US 4340610 A
A thermocouple locator for holding a thermocouple inside a flexible pouch comprises a rigid frame that bears snugly against the pouch to prevent relative movement of the frame and pouch. The frame includes attachment means for securing a thermocouple to the frame.
1. In a device for measuring temperature within a flexible retortable pouch having two side seals, a top seal, and a bottom seal and being filled with a food product, said device comprising said flexible retortable pouch, a thermocouple contained within said pouch, means for locating and holding said thermocouple at the geometric center of said pouch, a cable for connecting said thermocouple to temperature recording means, and means adapted to communicate said cable through a wall of said pouch without fluid leakage, the improvement wherein said thermocouple locating means comprises:
a rigid frame contained within the pouch and substantially in the form of the letter "H", having,
(a) two elongated side members;
(b) a cross-bar member extending between said side members and being rigidly mounted at points spaced from the point equidistant from the ends of each of said side members, said rigid frame including said two side members and said crossbar member being of sufficient dimensions relative to said pouch sufficient to cause the rigid frame to fit snugly in said flexible pouch to positively locate the frame and prevent movement of it relative to the pouch; and,
(c) means for securing said thermocouple to said rigid frame, such that said thermocouple is fixedly positioned at the geometric center of said flexible pouch.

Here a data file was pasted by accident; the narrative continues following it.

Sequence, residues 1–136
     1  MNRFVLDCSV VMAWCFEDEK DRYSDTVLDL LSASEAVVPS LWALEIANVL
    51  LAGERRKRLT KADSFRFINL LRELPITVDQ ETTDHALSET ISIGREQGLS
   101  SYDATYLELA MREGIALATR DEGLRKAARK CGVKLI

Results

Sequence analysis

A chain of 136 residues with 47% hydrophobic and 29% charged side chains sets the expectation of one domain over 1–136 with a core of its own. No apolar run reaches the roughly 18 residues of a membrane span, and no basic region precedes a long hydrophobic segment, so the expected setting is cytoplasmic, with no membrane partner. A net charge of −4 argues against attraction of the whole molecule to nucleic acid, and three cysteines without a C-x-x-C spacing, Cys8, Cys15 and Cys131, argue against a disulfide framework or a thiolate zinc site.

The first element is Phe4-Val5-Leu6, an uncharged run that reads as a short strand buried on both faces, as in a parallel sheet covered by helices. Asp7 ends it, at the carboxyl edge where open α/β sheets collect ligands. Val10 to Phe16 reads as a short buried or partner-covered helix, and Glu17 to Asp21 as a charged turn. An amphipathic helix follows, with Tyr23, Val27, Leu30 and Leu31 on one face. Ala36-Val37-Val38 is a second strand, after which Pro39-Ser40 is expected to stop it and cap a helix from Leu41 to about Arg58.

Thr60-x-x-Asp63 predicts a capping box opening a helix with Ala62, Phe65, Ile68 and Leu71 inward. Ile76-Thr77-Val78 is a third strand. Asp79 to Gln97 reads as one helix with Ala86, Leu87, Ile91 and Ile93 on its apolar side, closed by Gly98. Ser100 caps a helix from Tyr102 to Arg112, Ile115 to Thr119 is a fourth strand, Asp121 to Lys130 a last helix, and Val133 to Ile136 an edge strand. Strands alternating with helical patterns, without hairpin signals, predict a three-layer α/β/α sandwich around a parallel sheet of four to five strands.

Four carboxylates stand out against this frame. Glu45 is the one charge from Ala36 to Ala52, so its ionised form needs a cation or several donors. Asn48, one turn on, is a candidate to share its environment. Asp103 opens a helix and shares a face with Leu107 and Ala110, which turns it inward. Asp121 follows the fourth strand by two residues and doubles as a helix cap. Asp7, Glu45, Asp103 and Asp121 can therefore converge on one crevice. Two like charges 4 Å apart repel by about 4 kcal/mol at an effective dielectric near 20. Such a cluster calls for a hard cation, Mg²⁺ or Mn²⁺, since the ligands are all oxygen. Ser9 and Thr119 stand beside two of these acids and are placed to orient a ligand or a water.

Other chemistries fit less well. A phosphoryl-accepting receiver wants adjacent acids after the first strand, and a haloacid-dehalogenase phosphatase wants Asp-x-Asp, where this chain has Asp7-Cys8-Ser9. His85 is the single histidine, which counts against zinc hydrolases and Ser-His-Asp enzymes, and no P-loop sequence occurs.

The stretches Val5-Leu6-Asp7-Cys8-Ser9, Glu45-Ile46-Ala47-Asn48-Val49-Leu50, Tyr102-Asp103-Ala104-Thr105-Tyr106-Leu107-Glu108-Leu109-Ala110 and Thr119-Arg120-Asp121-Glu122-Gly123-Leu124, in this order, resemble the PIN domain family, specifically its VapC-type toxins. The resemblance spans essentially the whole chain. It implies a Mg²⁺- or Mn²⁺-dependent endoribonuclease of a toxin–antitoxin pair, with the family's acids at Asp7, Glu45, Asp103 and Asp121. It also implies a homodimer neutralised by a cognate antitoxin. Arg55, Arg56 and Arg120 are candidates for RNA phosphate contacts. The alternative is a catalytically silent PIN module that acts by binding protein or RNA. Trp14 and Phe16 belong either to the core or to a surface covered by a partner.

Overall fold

2. The improvement of claim 1, wherein said thermocouple locating means further comprises spacer means directed outward from the plane of said rigid frame and secured to said rigid frame for holding the walls of said flexible pouch at least at a predetermined distance from said thermocouple.
1. Field of the Invention
The present invention relates to flexible pouch packaging, and more particularly to apparatus for testing heat penetration into a flexible pouch package.
2. Description of the Prior Art
Sterilization of food to prevent bacterial growth and provide long shelf-life is a well-known practice in the canning industry. The sterilization takes place by thermally processing the packaged food at elevated temperatures for a predetermined time.
When packaging a particular food product for the first time, or when using a new package, such as a different size can, tests must be run to establish process specifications that will insure that all of the food in the package is sterilized. Recognized testing techniques require that the bacteria count be established after the container is exposed to different temperatures for different times. Accurate correlation of bacteria count with the time-temperature conditions actually experienced by the food requires measurement of the temperature inside the container.
The location within the container where the temperature is measured is also important because all of the food must be sterilized.
The measurement therefore should take place at that spot in the package that is the slowest to heat; for regularly shaped packages, the geometric center. If there is uncertainty over whether the measurement was taken there, there will be uncertainty over whether the processing actually sterilized all of the food. In that case, process specifications, to be safe, will have to call for thermal processing exceeding what the tests have indicated is necessary. Excessive thermal processing affects the product taste and is avoided whenever possible.